I recently attended a talk by Dr Steven Tucker (@drsteventucker) that got me thinking about body hacking and continuous glucose monitors.
The dialogue that I keep coming back to is:
“Who is this device for?”
“Everyone says ‘diabetics’ but if you need this as a diabetic it’s too late. You need this BEFORE you get diabetes.”
Dr Tucker set us a challenge to try a device out, to see if it would change our lives. And I’ve taken him up on the challenge!
As per the National Center for Biotechnology Information (NCBI), the continuous glucose monitor works through detecting glucose levels in interstitial fluid – the fluid between your cells. For diabetics, this real-time device stops the need for fingerprick (blood) tests and also gives you up to 8 hours of readings so that you get a real view of your day and not a point in time. For my device, it can be worn for 14 days before it needs to be replaced.
I’m clearly using the device outside of the approved indications of Type 1 or Type 2 diabetes so what are my goals?
- Understand my blood glucose profile
- Get a view on how different foods impact me
- Reinforce the value of exercise
- Avoid getting diabetes
Unboxing Abbott FreeStyle Libre Continuous Glucose Monitor
The device that I bought is an Abbott FreeStyle Libre. It’s available in Singapore (for me) and a number of other countries but beware that they are geo-locking the readers and sensors. I purchased the Starter Pack Bundle which comes with a reader and two sensors. It’s not cheap though – SGD$276 to measure 28 days.
The reader is pretty simple to get going with. It’s quite light so you can carry it around and the interface straightforward with a single button and basic touch screen functionality. It charges with a USB2 cable and also has the capability to analyse a blood ketone levels using a fingerprick test on the approved test strips. (Which I don’t have.)
The sensor pack contains two alcohol swabs, an applicator and the sensor. Getting it set up was easy – unscrew the applicator, pull back the seal on the sensor, push the applicator down onto the sensor and you are ready.
And here it is ready to be loaded onto the back of my arm. To install onto your arm you just position it and press down a little hard. Slowly pulling up leaves the sensor in place.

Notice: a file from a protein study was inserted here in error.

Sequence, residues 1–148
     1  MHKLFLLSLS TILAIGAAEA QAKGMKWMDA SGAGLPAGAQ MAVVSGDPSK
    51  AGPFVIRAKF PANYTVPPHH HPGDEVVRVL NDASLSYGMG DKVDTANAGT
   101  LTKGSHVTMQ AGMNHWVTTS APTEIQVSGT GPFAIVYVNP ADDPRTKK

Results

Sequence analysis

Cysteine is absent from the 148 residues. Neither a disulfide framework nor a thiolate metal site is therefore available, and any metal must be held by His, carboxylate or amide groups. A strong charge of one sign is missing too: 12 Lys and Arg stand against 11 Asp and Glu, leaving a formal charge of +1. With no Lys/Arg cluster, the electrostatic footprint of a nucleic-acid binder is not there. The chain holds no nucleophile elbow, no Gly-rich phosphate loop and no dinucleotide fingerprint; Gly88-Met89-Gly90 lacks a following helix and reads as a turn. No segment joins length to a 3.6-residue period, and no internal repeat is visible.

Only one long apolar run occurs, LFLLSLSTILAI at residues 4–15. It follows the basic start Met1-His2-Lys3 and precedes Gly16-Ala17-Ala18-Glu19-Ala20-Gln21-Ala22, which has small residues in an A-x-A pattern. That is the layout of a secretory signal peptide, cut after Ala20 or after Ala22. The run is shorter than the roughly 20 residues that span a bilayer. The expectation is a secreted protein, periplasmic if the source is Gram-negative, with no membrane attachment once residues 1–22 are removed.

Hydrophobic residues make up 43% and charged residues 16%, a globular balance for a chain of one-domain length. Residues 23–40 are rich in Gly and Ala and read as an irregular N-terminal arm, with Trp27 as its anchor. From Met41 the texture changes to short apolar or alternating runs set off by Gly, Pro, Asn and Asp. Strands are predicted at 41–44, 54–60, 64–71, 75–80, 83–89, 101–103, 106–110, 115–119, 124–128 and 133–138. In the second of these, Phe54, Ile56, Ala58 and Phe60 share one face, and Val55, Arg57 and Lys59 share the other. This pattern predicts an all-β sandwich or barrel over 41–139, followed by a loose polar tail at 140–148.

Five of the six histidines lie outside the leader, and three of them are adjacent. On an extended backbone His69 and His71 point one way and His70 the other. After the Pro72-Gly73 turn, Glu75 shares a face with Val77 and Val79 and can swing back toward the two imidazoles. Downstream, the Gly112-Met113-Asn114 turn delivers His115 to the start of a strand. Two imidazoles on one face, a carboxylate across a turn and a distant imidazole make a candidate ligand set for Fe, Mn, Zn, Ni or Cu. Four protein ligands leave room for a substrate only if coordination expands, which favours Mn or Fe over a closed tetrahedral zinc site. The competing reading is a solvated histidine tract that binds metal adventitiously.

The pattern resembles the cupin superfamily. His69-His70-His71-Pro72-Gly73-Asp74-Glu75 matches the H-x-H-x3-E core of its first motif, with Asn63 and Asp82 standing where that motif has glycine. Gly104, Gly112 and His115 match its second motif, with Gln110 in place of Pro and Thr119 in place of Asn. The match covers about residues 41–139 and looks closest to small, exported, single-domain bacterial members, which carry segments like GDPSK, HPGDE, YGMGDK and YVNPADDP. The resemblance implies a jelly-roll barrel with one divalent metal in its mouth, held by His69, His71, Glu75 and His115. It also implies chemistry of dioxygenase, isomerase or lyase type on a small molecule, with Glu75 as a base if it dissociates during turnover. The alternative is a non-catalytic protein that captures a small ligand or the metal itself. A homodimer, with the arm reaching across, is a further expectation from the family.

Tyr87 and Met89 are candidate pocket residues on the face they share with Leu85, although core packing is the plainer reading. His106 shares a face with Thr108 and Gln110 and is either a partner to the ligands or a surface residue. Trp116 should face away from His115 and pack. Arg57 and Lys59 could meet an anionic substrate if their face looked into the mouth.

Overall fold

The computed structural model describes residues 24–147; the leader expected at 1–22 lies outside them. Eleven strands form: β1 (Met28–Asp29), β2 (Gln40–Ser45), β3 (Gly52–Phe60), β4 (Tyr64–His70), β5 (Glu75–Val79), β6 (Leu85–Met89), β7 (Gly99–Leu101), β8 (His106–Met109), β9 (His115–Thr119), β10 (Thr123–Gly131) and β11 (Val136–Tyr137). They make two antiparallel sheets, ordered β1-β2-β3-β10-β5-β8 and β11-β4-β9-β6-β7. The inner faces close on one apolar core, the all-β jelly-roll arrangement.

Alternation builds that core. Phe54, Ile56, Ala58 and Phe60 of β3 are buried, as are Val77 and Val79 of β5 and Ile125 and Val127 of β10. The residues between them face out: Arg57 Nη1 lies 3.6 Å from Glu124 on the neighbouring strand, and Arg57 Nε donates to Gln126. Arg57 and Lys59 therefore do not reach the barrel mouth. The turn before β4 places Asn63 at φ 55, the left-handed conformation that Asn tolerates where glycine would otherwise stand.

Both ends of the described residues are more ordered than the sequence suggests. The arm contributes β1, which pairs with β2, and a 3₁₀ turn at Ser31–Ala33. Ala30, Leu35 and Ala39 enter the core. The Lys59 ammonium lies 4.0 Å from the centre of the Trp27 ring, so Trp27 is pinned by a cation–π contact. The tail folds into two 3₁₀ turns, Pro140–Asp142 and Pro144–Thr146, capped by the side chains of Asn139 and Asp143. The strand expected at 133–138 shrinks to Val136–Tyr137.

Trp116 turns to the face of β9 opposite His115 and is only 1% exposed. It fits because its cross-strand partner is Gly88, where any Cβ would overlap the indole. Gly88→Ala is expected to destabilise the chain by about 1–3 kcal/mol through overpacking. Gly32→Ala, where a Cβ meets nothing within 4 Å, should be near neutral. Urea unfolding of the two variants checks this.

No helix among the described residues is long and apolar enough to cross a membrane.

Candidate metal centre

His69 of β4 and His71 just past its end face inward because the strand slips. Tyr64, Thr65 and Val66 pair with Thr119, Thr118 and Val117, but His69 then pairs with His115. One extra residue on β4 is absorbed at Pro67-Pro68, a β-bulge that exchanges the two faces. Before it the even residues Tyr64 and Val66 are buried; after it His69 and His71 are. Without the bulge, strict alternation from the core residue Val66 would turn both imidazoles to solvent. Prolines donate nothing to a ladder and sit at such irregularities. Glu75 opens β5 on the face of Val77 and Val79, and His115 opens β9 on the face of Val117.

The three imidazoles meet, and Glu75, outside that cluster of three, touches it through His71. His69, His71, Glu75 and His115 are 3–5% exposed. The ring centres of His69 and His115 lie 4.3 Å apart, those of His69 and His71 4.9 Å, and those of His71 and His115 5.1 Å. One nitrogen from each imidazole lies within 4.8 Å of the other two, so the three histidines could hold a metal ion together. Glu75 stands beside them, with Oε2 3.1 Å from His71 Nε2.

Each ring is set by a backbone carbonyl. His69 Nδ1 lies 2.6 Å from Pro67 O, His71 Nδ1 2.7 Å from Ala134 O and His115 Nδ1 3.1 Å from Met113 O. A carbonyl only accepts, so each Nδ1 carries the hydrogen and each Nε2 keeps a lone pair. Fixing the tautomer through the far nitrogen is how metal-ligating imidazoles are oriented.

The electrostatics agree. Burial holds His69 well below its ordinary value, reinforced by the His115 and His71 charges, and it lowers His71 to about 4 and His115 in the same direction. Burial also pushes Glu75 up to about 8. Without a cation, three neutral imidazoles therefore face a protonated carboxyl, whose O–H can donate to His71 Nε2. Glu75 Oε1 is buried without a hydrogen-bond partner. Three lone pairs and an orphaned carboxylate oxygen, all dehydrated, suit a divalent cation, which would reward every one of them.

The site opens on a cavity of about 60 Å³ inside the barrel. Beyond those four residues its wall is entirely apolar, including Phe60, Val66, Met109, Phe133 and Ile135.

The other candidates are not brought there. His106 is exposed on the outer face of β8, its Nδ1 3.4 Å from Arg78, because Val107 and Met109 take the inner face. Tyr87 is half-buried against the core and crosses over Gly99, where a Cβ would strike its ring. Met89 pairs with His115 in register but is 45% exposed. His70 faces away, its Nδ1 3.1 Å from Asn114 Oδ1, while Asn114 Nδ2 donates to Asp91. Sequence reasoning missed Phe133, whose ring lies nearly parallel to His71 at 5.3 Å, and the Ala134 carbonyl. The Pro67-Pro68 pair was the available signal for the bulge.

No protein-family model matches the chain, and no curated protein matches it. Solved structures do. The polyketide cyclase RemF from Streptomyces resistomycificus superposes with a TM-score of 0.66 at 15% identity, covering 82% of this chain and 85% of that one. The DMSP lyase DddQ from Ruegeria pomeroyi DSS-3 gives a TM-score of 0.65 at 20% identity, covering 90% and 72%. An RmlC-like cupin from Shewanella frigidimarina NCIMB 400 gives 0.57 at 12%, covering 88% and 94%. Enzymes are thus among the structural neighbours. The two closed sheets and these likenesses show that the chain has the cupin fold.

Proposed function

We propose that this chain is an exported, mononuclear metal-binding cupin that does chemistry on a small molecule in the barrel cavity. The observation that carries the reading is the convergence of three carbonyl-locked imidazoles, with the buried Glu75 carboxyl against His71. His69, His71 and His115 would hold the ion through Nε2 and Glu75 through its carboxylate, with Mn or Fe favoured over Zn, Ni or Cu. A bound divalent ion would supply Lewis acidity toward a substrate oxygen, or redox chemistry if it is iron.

From there you turn the reader on and scan the sensor for the first time. After some satisfying beeps, the sensor is activated and in an hours time, you can get your first reading. The logic behind the hour is that it takes a while for the sensor to settle and provide accurate readings.
I can’t find a good word that describes what I’ve just done, is it an installation? The back of the arm is a great location as I often forget about the sensor being there despite it being a new part of my body. The reader has no problems working through clothes which is great because it’s mostly covered by my shirt.
One Device to Rule Them All: Mobile Phone
Now the big challenge is really that no one wants to carry around a reader all day. It’s just another device we don’t need. The good news is that there is a matching mobile phone application (LibreLink App) that can read the sensor. The app is available for both Android and iOS. Check on your country for confirmation as I believe there are some country limitations that only allow iOS.
There’s a second application (LibreLinkUp App) to share your results with your friends and family.
And finally, there’s a cloud storage application (LivreView) where you can upload your data and get relevant reports.
What Didn’t Work?
I certainly had a few challenges.
On my first sensor, my values started reading really low. I started at 3.4 mmol/L and progressively went lower to 3.2, 2.9, 2.7 and then LO – beyond the sensors ability to pick up. Theoretically, at that point I should have been passed out on the floor but luckily I still felt great. After a few hours (and some house cleaning) the readings started to come up again with 3.1 and 3.3.
And then I knocked the sensor off going through a door. They certainly aren’t the strongest device. There are no instructions on the package on what to do if you have hairy arms. It’s meant to be rugged enough that you can swim for 30 minutes and have no problems working out but I don’t think they tested the device on someone like me.
For the phone application, you have to enter your country and this is based on your Android account on your phone. Having tried to change my Android country in the past and found it quite difficult I was stuck with a phone saying it couldn’t read the sensor. Frustrating. Luckily my wife’s phone was able to be connected.
Despite being merely a reader I’m finding that there are differences between the phone results and the reader. They’re not huge but it’s a bit concerning.
Continuous Glucose Monitor Summary
The device is fascinating in the information that it can provide about your health. It’s simple to set up and I hope to work through the challenges.
I’ll post again with my findings regarding my health, diet and fitness as I get a full picture over the next two weeks. My wife is also trying to talk me out of buying a Luke Arm so I may also come back with further cyborg abilities.
Disclaimer: Abbott Laboratories are a customer of my employer. Personally I’m in an active sales cycle where I would gain from working further with Abbott. I bought the device with my own money and Abbott had no say over the content of this post.